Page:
Naturally December is reserved for all things seasonal. Since I’m not overly fond of the commercial push Advent and Christmas get these days, expect something more subtle from me. My short story collection “The Christmas Dragon and other Seasonal Stories” will be available on December 6th, preceded on December 1st by the eighth fairy tale retelling “The Challenge“, an adaption of “The Cold Heart” by Willhelm Hauff where a charcoal burner wants to improve his lot in live and makes a mess out of it. In my version the two magic entities that complicate the charcoal burner’s live are featured much more strongly.
And right after New Year, I will publish the most complicated story I ever wrote: an interactive non-linear murder mystery novel that tells a complete story. What do I say, it tells several complete stories. There are more than 20 endings for the reader to explore.
As a child I loved “Choose Your Own Adventure” books, but I hated the second person point of view and the lack of a story line with a vengeance. So when I set out to write this novel, I was determined to tell a story of connected events in one of the more traditional points of view (he or I) and settled on 1st person. This/these story/stories were a lot of fun to write but a nightmare to revise. It took me several years to get the novel into a shape where it could go to my editor. But now it’s nearly there, and I hope you’re just as excited as I am.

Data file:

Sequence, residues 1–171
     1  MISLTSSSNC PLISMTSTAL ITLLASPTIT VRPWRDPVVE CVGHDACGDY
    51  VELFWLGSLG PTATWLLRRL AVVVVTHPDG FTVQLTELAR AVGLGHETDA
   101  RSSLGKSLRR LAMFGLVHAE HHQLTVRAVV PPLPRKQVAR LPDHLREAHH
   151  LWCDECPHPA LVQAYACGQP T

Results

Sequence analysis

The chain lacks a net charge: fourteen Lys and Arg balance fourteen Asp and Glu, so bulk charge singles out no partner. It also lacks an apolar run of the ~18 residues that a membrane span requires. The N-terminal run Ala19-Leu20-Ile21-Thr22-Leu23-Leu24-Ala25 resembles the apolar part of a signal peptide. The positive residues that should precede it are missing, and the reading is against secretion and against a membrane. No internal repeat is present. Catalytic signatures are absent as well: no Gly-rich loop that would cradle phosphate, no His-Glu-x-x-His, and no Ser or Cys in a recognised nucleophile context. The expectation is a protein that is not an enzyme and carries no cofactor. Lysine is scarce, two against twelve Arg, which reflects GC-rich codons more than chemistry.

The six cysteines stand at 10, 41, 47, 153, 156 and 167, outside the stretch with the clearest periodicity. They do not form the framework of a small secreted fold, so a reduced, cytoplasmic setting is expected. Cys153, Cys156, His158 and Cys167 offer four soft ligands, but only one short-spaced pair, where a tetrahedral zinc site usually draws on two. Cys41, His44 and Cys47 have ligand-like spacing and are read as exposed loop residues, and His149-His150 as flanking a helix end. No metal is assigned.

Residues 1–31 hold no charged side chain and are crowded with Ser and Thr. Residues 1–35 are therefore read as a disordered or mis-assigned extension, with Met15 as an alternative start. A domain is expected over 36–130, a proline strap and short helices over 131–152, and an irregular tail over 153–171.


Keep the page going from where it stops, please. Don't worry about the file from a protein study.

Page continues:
Maybe one of the books will make a nice gift for you, before, for, or after Christmas. Let me know what you think before I head into NaNoWriMo (a November writing challenge).
Just in time for Halloween, WDM Publishing has released my latest Deb Logan short story collection! MORE GHOSTS AND GHOULIES continues the tradition of spooky fun for younger readers I started with GHOSTS AND GHOULIES. Grab your copy now and be ready for the spookiest night of the year!
MORE GHOSTS AND GHOULIES
By Deb Logan
Audience: Juvenile | Paranormal | Short Story Collection
Another volume of spooky, supernatural stories for younger readers. This collection of five short stories includes two Dani Erickson tales (“Family Daze” and “Challenging Daze”), two flash stories (“Rush!” and “On Guard”), and an urban fantasy tale (“Terrors”).
A friend of mine is running a kickstarter campaign to fund her next release. Her calculation is moderate, and all money she’s getting will be used on the project, not on her. So I decided to help her out. Let her introduce her project to you (I promise, it is a cool one, and I love the cover). Welcome Thea van Diepen.